St. Vincent, Actor (4AD) – While this is definitely not a sophomore slump for Annie Clark, it doesn’t quite thrill me the way Marry Me did.  Clark tries to establish a darker mood here, but oftentimes it’s done not through songwriting but through an over reliance on studio trickery.  Still, maybe I’m just not approaching this from the right angle.  I’m likely to change my tune on this in a few months with some more listens.  Download It

Gomez, A New Tide (ATO Records) – Meh.  Another band people make a big deal out of that I don’t get.  This is definitely not a bad release, but never really rises above “OK” for me.  Your mileage may vary.  Download It

Heaven & Hell, The Devil You Know (Rhino) – While some may look at this group as lesser Black Sabbath, I don’t see it that way.  The Ronnie James Dio-led incarnation of the band came out with a couple great albums in the early ’80s and then sadly splintered.  So now they’re back and, in a bid to not piss off Ozzy or his lawyers, have christened themselves Heaven & Hell.  But whatever you call them, they’re here to bring you rib-cracking riffs and the kind of music that makes Satan seem pretty boss.  But the thing is that once you get past the joy of hearing this particular group of musicians playing together, there’s nothing all that special about The Devil You Know.  It lacks the compositional variety or pure thrill of the best moments from their ’80s work.  But there’s nothing wrong with solid, workmanlike metal, right?  Download It

The Duckworth Lewis Method, The Duckworth Lewis Method (Divine Comedy Records) – I guess if you’re going to dedicate an entire album to cricket, you better make it as fun as possible.  On that front, tDLM succeeds.  This one-off project from Neil Hannon and Thomas Walsh wins more often than not on the sheer strength of melody and brevity.  There’s probably a little too much winking throughout this disc to elevate it past the level of pleasant, but I’m sure that was the intent.  Just fun, fluffy pop here.  Download It

Rodrigo y Gabriela, 11:11 (Rubyworks) – ¡Aye Carumba!  If this blend of metal and flamenco doesn’t get your foot tapping and your air guitar going, check your pulse.  The musicality on display here is phenomenal, and on top of that these songs are a metric shit-ton of fun.  There’s not much else to say, really.  Dig It

Manic Street Preachers, Journal for Plague Lovers (Columbia) – I didn’t get into the Manics until well after the 1995 disappearance of the mercurial Richey Edwards, to the prospect of a new album full of Edwards’ old lyrics didn’t thrill me.  I have to say, though, that the work he left behind sure was pretty damn good.  And on top of that, the group has assembled a uniformly strong set of angry, anthemic rockers, muscular pop songs, and melancholy ballads.  Well done, boys.  Dig It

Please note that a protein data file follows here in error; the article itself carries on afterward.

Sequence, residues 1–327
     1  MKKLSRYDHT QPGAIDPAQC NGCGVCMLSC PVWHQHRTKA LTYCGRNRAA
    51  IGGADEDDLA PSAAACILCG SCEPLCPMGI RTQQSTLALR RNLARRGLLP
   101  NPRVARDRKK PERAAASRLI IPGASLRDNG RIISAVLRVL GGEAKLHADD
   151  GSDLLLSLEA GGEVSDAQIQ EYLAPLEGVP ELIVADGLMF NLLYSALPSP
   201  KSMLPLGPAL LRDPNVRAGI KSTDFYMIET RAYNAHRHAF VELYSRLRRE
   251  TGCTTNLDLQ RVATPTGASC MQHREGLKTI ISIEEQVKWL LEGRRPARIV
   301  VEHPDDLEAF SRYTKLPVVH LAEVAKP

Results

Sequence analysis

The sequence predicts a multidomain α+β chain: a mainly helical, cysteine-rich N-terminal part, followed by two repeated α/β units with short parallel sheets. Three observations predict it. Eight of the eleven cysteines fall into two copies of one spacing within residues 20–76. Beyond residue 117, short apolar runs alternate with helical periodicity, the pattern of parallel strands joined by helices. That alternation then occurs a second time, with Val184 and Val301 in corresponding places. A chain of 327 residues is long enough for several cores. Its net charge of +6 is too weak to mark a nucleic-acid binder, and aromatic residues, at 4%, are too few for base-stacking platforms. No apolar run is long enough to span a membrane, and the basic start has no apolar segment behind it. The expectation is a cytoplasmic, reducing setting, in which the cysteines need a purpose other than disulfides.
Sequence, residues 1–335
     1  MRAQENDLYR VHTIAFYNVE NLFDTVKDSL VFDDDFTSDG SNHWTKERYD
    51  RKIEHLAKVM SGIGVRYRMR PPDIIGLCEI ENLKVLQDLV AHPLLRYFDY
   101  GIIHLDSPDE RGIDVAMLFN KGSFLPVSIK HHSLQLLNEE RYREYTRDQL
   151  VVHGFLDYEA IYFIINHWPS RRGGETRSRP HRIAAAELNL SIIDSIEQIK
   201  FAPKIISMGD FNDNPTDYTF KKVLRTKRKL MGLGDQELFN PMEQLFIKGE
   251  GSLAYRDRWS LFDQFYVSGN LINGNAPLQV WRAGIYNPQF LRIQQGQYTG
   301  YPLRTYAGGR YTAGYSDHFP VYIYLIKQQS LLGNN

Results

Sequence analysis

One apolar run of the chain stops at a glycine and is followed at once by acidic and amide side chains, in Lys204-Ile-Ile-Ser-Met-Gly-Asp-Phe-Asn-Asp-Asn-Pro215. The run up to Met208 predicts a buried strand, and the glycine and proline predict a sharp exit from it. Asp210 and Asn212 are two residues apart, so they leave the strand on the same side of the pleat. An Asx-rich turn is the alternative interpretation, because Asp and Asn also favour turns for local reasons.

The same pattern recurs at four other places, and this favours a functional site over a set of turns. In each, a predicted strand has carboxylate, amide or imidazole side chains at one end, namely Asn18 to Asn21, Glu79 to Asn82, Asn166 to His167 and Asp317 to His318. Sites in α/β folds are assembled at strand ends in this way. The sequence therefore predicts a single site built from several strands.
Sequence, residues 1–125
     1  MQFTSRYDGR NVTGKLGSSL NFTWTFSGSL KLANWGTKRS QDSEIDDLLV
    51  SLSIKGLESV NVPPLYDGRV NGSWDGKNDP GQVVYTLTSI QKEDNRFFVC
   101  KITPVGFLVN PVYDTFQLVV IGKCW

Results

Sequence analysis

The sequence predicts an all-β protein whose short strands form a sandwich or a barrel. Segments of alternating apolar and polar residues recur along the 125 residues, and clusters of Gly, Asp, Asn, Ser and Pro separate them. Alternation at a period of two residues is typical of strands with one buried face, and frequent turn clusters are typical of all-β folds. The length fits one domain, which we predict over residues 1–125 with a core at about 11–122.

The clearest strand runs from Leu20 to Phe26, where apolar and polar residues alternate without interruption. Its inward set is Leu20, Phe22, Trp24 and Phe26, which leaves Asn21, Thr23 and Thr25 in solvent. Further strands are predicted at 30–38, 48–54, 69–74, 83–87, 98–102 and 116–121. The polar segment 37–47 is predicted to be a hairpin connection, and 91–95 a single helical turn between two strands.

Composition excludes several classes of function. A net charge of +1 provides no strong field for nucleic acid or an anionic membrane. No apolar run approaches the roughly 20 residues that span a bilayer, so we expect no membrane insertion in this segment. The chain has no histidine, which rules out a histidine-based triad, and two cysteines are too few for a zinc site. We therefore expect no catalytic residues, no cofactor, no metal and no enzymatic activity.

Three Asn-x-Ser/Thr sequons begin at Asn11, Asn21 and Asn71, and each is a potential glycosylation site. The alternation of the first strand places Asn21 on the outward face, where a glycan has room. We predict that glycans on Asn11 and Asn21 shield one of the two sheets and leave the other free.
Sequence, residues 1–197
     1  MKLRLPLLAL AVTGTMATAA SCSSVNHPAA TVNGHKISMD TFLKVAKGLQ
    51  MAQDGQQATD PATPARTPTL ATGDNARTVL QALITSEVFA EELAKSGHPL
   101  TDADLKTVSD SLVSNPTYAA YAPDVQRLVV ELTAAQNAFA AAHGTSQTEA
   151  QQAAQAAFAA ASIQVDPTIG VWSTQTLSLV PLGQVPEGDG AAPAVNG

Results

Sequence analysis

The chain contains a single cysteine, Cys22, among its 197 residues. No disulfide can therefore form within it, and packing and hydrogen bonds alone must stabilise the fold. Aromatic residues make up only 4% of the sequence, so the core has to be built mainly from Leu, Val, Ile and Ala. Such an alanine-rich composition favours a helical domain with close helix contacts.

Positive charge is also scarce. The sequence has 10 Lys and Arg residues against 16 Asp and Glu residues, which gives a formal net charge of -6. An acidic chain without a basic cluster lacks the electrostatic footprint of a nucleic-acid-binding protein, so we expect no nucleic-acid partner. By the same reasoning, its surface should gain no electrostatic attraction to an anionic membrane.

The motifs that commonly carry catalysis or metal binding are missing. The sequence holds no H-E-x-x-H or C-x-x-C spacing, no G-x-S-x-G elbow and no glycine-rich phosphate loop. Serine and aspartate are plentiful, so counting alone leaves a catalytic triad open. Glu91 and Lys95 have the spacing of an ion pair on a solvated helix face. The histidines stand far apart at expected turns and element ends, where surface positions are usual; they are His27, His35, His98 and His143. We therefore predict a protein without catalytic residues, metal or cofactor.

Kiss, Sonic Boom (Kiss Records) – C’mon, you didn’t think I’d forget this one did you?  I was, shall we say, curious about this one based on the strength of the leadoff single, “Modern Day Delilah”.  I thought that Kiss had successfully navigated the waters of modern hard rock while still retaining their signature sound.  Turns out I was partially right.  While Sonic Boom is light years of that color-by-numbers, overpolished turd of an album Psycho Circus, it’s not quite the return to ’70s glory that Paul Stanley touted (I know, shock).  It is, however, a damn sight better than any fan had a right to expect, and shows that there might just be some creative gas left in the tank after all.  Still, I could’ve done without Tommy Thayer copping Ace Frehley’s guitar licks at every turn.  Download It

Minus 8, Slow Motion (Compost Records) – DJ/producer Robert Jan Meyer makes effective use of singers on this more toned down affair, particularly Hungarian vocalist Virag.  Slow Motion is a bit uneven but hits enough high points to make it a worthy addition to any nu jazz fan’s collection.  And it’s definitely a rebound from his last effort, EclecticaDownload It

Wilco, Wilco (The Album) (Nonesuch) – Because I knew better than to expect the followup to the gorgeous Sky Blue Sky to match that album for sheer beauty, I found a lot to like about Wilco (The Album).  The sense of humor that was in fact lacking from the previous record is definitely here, in the form of the cover art and title track mainly.  But mostly, this album feels like a summation of the band’s catalog to date rather than a new, unified artistic statement.  Regardless, it’s hard to deny the greatness of tracks like “Deeper Down”, “Bull Black Nova”, or “You Never Know”.  Dig It

Honorable Mention

Here are some more good albums (some very good) from the past year that I would love to write about (or already have), but there’s only so much time in the day and I’m only one man…

  • Mute Math, Armistice
  • The Black Crowes, Before the Frost…
  • Darcy James Argue’s Secret Society, Infernal Machines
  • Joe Henry, Blood From Stars
  • The Flaming Lips, Embryonic
  • Ori Dakari, Entrances
  • John Hollenbeck Large Ensemble, Eternal Interlude
  • Voivod, Infini
  • John Zorn, O’o
  • Porcupine Tree, The Incident
  • Bat for Lashes, Two Suns
  • Russian Circles, Geneva